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What are coroutines in Kotlin and how to write them

What are coroutines in Kotlin and how to write them

Tabnine Team /
5 minutes /
September 21, 2020

Kotlin is part of the new generation of languages that are gently gaining big traction against big names like Java and C++. Kotlin was designed and developed by JetBrains as an open source and statically typed programming language. Over the past few years, Kotlin has grown to become the main language of choice for Android developers, with Google advocating for it over Java nowadays.

The idea of coroutines is not new. It’s a concurrency pattern that allows you to achieve multiple processes at once. Coroutines can be found in JavaScript, Java, Clojure, C+, C++, PHP, Python, Ruby, and Swift, to name a few.

However, they may not be called a ‘coroutine’ directly, but the fundamentals of what a coroutine achieves is similar, if not exactly the same. Kotlin’s ideological implementation of coroutines borrows heavily on these languages that have an established experience in it.

But what is a coroutine?

Async, coroutine, concurrency

A coroutine can be broken into two parts – co and routines. The co part represents the word cooperative and routines refers to functions.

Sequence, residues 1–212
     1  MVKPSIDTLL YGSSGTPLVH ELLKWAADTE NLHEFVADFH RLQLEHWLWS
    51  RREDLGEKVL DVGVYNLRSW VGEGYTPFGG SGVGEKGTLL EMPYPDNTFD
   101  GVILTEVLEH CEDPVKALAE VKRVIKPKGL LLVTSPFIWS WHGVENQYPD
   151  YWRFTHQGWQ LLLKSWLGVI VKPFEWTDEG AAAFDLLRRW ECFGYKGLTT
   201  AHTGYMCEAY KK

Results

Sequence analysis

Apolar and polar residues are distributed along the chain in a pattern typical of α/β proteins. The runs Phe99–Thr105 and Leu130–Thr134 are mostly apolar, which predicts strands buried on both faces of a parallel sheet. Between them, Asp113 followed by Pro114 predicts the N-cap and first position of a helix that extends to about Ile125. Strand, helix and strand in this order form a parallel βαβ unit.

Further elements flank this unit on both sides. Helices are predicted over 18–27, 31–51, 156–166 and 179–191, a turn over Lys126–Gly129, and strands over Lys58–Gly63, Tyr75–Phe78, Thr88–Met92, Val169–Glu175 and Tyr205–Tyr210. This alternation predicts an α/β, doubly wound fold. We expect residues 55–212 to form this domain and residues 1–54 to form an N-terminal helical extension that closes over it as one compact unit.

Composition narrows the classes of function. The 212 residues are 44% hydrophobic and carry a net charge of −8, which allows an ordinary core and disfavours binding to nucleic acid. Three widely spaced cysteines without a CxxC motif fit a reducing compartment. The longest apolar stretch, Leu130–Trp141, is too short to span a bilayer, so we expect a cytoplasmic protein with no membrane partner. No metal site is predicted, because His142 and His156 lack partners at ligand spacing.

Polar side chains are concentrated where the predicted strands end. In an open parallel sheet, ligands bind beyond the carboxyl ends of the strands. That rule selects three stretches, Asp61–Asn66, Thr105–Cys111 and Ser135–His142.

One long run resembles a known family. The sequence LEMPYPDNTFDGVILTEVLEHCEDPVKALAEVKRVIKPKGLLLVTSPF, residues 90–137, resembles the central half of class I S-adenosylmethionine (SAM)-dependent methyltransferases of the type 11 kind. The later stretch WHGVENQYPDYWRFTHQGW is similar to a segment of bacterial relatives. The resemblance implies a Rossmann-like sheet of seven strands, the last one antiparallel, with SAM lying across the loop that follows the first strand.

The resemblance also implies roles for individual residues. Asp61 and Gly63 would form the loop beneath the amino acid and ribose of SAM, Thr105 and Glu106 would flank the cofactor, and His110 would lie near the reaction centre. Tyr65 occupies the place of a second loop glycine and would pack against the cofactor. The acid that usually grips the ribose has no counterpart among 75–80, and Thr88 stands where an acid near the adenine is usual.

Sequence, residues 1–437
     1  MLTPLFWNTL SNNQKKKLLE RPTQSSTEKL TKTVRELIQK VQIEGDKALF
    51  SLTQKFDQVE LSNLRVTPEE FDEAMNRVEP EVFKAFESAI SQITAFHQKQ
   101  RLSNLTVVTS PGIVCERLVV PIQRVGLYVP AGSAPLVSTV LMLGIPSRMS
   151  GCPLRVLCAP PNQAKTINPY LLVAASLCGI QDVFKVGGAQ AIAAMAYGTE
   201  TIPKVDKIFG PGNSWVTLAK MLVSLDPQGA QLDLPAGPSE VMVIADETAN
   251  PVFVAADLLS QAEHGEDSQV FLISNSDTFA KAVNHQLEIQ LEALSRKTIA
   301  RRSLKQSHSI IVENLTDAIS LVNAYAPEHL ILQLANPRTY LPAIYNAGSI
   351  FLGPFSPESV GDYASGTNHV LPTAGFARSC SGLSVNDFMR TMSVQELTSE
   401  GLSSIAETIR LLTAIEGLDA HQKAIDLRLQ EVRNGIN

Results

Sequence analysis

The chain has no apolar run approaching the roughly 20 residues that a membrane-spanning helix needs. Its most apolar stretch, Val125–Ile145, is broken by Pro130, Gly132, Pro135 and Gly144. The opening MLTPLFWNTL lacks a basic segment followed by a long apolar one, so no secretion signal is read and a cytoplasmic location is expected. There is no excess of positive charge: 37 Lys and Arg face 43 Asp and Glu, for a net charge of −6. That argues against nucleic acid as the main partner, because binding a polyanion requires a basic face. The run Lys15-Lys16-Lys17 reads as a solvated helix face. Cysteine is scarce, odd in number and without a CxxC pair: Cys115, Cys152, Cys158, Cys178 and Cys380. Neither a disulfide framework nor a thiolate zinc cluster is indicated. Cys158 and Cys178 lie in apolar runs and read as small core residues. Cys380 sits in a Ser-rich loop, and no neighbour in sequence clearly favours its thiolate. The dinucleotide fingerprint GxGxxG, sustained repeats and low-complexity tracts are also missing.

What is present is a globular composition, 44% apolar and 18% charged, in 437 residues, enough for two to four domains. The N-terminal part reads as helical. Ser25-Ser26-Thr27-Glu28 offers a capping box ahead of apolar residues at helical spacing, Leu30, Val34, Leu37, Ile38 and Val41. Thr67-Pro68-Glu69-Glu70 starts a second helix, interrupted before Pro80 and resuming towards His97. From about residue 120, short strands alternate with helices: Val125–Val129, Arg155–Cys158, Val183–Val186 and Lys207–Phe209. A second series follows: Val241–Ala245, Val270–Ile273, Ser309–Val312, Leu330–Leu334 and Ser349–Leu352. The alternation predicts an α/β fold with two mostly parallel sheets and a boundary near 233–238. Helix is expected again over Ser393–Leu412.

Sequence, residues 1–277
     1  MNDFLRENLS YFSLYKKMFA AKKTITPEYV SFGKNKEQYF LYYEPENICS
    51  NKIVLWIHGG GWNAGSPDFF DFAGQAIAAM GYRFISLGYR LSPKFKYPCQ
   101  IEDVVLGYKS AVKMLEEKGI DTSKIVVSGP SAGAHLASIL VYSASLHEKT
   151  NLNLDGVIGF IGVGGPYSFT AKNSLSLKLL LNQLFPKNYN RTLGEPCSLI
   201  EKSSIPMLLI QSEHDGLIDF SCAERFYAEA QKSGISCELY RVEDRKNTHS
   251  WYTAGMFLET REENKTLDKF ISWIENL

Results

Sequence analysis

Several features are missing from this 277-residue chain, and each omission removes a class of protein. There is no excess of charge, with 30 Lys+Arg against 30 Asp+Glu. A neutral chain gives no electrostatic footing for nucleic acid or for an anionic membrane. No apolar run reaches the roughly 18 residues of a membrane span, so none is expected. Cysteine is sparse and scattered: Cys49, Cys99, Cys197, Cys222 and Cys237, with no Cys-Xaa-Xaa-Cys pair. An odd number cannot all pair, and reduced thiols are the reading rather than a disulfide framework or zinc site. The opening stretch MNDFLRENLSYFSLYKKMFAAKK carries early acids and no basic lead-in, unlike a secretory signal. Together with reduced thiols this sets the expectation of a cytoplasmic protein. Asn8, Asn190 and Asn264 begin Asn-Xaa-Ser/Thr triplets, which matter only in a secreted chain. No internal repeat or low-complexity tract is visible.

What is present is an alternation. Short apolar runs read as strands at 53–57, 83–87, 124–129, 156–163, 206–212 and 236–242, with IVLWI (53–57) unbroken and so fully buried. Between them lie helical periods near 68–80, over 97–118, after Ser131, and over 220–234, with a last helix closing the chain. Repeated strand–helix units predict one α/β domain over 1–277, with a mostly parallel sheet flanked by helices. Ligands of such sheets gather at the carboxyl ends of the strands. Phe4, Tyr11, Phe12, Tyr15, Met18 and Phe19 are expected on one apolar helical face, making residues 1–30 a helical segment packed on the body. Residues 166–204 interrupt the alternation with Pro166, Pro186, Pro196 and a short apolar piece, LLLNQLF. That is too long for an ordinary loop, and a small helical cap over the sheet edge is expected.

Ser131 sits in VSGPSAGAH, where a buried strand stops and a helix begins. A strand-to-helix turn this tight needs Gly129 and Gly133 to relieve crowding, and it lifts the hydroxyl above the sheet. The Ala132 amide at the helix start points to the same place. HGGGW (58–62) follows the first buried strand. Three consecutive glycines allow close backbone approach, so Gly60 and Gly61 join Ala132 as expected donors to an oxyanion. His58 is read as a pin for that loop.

Kotlin works in a serial fashion, meaning that a function cannot move forward if it relies on another function to give it some signal or data. The control flow shifts to the second function, giving it total power and the ability to hold an application hostage. You cannot negotiate the power away from the second function, making the process of running your app tightly coupled to the expected return.

With the introduction of coroutines, Kotlin is able to implement asynchronous code and achieve concurrency. This means that your Kotlin code has the ability to form layers, allowing for things to run in parallel with each other.

Cooperative functions become a possibility for Kotlin as coroutines allows the transfer of control via exit points, allowing for effective recursive loops to occur.

Why are coroutines a big deal in Kotlin?

In part, it’s because coroutines are cheaper when it comes to memory than threads, making it more efficient on the machine it’s expected to run on.

For Kotlin, coroutines lets you write asynchronous and non-blocking code (that is, your code can continue to execute without having to stall and wait for things to complete).

How to write coroutines in Kotlin

Setting up coroutines

In IntelliJ IDEA, start up a new Gradle project and follow through with the wizard set up. In your build.gradle file, you need to make sure it’s configured for Kotlin 1.3 or higher. Coroutines isn’t supported in previous versions before Kotlin 1.3.